>Our problem-solver-in-chief who occupies the Governor’s Mansion in Tallahassee rebuked ideological opponents of all sorts in his March 2 State of the State Address, arguing that Florida’s challenges will not be fixed by public officials adhering to dogmatic principles but by those who are committed to “realism.”
What Gov. Charlie Crist failed to acknowledge in his despicable demagoguery against ideology is that he is in fact advancing a different sort of ideology—pragmatism. The irony is, especially as it relates to Crist’s aggressive promotion of expanded gambling to help balance the state’s budget, the governor is advancing a pragmatism that, in fact, will not work.
Worse than that, Crist, who campaigned in 2006 as an opponent of gambling expansion, is advancing a pragmatism that will harm the citizens he’s obligated to protect.
Claiming he is not a “big fan of gambling,” Crist told legislators they should approve a gambling compact with the Seminole Indian Tribe for the sake of the education of our children.
“Given the fact that Florida desperately needs the money—and given that gambling already occurs in our state—and given that we all love freedom, doesn’t it make sense to let people exercise their freedom in a way that directs money to Florida’s citizens? Wouldn’t it be appropriate to set aside personal biases and approve a compact that will help pay to educate Florida’s schoolchildren?”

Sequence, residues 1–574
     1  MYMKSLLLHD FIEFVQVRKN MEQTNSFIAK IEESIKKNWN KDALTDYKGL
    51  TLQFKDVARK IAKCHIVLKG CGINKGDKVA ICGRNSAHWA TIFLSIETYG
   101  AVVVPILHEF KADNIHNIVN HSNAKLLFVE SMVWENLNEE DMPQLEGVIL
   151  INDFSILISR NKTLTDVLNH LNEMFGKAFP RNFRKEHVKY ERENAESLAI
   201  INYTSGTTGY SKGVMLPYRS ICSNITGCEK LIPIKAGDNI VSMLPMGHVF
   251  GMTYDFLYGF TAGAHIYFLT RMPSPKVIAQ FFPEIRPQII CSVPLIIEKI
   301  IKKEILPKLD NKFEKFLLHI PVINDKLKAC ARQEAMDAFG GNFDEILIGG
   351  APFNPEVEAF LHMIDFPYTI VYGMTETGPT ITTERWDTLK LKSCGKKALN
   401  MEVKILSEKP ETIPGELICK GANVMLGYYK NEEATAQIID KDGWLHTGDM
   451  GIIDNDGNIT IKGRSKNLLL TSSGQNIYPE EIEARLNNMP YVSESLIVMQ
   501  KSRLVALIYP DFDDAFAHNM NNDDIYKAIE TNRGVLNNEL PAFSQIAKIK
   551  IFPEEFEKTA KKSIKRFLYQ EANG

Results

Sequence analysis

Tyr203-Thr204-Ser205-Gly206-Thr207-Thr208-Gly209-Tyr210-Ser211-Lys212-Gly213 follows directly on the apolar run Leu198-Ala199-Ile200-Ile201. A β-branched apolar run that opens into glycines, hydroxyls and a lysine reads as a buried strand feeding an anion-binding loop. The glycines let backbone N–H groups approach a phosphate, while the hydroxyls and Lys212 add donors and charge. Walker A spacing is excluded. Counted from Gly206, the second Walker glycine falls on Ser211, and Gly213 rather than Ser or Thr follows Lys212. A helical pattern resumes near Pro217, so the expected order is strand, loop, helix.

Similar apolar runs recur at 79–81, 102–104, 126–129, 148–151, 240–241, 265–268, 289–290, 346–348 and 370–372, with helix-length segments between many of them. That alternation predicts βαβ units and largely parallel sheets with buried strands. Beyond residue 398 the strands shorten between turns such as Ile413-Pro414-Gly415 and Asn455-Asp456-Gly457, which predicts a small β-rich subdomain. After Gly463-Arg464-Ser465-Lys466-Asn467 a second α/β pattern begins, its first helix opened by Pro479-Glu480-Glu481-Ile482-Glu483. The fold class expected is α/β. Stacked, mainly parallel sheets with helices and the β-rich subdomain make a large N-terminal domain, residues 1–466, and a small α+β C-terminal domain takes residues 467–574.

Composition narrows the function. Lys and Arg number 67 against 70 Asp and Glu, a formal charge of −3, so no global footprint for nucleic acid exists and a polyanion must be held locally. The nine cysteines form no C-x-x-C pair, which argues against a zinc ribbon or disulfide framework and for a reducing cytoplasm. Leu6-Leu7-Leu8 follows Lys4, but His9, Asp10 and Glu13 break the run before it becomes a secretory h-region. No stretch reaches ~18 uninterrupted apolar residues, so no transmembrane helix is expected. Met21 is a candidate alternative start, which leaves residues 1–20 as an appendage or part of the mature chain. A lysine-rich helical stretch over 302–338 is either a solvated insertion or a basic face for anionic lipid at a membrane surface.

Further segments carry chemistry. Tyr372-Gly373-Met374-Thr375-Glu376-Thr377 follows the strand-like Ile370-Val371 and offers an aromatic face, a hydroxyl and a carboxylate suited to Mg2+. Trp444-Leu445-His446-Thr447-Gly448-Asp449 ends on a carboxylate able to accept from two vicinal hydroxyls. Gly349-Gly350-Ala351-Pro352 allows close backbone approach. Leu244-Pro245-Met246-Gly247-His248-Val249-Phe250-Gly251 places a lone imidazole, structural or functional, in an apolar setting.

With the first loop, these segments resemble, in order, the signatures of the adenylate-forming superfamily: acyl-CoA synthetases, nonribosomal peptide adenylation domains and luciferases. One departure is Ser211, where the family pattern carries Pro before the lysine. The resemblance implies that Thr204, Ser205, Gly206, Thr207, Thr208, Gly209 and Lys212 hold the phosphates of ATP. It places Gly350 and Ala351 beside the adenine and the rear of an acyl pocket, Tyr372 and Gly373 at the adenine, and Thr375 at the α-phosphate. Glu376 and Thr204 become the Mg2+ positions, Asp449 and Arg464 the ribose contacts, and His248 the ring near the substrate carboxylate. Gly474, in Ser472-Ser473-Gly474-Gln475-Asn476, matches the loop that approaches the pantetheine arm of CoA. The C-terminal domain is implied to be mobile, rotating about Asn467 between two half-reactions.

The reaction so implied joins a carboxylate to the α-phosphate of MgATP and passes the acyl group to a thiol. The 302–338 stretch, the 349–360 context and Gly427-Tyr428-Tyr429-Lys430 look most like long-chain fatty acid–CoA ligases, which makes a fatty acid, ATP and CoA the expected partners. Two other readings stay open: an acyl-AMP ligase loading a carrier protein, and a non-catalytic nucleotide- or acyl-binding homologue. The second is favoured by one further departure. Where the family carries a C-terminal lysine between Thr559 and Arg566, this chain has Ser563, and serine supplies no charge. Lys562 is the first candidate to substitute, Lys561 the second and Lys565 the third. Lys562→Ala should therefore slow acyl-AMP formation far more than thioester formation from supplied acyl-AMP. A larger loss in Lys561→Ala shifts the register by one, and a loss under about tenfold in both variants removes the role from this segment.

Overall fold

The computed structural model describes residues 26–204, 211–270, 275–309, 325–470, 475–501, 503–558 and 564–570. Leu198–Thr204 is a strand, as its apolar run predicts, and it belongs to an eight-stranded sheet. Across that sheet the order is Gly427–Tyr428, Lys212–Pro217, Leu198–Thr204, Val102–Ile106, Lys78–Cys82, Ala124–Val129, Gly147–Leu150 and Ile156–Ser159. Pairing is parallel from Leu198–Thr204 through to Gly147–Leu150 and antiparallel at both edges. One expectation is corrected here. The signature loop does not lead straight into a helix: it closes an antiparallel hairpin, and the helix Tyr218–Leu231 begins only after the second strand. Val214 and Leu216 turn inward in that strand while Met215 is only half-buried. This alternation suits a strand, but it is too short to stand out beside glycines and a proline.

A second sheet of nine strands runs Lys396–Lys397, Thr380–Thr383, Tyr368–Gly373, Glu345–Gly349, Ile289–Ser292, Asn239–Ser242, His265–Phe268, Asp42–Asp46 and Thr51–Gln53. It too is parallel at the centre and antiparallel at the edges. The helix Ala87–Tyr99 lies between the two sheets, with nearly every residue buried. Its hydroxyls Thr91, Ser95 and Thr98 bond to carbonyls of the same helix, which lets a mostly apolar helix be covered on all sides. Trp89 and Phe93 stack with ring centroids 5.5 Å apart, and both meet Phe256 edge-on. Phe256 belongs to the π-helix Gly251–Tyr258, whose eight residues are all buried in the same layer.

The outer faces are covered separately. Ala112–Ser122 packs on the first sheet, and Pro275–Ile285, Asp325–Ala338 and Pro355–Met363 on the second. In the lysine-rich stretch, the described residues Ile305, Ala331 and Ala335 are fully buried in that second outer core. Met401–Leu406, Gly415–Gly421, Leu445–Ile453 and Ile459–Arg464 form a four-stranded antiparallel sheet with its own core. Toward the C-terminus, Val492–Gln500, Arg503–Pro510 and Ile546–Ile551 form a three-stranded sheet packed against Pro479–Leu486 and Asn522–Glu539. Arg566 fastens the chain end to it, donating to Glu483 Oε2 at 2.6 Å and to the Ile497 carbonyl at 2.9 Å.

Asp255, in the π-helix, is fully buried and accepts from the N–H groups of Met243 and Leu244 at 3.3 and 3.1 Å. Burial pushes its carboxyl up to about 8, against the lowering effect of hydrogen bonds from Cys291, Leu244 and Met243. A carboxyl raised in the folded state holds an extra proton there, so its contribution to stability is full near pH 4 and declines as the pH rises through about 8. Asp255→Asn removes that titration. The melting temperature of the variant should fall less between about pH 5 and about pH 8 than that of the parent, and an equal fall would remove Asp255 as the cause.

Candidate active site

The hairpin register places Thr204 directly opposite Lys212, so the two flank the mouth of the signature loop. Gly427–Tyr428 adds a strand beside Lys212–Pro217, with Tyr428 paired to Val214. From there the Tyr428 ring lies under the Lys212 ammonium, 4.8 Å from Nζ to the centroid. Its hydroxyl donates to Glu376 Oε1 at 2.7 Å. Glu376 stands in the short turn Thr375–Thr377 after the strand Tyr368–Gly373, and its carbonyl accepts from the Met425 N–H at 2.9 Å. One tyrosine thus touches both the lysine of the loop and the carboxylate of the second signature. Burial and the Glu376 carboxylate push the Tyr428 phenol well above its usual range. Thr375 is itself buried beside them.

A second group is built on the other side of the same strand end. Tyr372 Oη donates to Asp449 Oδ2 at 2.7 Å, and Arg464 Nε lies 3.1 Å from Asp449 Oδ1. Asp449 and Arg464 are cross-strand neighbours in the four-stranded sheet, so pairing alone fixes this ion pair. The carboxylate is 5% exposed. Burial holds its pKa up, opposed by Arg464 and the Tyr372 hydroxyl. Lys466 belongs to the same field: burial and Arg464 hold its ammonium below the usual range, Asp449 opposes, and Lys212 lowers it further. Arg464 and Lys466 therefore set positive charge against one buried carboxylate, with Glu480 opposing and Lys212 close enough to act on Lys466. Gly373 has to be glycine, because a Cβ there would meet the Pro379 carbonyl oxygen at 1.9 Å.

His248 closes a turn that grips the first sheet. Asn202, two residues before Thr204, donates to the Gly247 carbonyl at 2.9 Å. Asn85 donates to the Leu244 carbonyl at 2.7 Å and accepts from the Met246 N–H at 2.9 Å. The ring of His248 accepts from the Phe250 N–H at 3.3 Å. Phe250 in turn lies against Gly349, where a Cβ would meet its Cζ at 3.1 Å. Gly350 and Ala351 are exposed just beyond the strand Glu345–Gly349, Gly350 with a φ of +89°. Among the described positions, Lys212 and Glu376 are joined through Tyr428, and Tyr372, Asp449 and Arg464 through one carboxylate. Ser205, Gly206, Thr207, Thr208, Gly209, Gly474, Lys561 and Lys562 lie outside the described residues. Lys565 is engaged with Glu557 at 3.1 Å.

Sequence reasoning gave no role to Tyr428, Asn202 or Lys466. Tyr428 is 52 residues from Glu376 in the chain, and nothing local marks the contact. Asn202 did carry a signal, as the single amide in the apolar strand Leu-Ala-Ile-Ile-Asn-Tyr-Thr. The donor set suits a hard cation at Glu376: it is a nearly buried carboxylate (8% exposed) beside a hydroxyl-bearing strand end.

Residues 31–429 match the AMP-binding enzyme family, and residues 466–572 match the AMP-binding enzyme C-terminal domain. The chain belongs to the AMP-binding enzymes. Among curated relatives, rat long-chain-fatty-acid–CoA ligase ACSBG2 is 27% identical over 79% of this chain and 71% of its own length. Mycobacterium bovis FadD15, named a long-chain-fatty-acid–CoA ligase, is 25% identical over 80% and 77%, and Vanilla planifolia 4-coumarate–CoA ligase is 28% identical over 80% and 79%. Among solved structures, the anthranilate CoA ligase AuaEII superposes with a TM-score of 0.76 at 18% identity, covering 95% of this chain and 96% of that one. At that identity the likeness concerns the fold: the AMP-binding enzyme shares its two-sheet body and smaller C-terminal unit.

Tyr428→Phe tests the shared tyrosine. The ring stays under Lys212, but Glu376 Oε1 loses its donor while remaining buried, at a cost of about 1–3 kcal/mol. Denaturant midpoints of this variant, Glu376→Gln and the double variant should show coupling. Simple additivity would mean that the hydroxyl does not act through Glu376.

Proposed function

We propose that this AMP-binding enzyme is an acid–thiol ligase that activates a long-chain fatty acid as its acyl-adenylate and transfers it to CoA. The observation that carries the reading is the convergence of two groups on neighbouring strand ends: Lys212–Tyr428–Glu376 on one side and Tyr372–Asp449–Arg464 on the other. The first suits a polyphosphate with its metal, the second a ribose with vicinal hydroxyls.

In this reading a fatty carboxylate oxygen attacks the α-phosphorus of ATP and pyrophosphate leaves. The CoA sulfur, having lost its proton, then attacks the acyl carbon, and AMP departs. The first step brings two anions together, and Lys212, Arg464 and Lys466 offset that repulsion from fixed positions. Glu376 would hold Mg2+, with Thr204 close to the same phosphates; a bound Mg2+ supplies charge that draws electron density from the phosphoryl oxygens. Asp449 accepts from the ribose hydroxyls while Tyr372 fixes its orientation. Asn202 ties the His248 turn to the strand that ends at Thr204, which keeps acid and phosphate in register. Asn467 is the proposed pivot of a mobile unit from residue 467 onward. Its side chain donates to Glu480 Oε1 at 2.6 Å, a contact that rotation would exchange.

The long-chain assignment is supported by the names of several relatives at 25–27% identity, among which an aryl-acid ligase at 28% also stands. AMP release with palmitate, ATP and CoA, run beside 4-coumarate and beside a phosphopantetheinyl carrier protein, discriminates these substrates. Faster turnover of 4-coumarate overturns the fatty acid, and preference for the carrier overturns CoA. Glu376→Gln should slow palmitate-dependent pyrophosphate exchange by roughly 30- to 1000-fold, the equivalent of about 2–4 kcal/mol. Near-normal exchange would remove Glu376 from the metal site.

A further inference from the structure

Yet again trotting out freckled-faced kids as a cover for gambling expansion—that’s despicable demagoguery.
There is much that is wrong about Crist’s argument for gambling expansion, but I’ll focus on just two points: fiscal and moral.
In my last editorial, I reviewed the independent research of Dr. Earl Grinols, who testified last year before the House Select Committee on Seminole Compact Review. The bottom line of his research is that casino gambling doesn’t pass the cost-benefit test. For every one dollar of new government revenue generated by casino gambling, the government is required to spend three dollars for the social costs that gambling causes.
Crist wants legislators to bank this year $430 million the Seminoles have been escrowing based on the first compact negotiated with the governor in 2007 but invalidated by the Florida Supreme Court in 2008.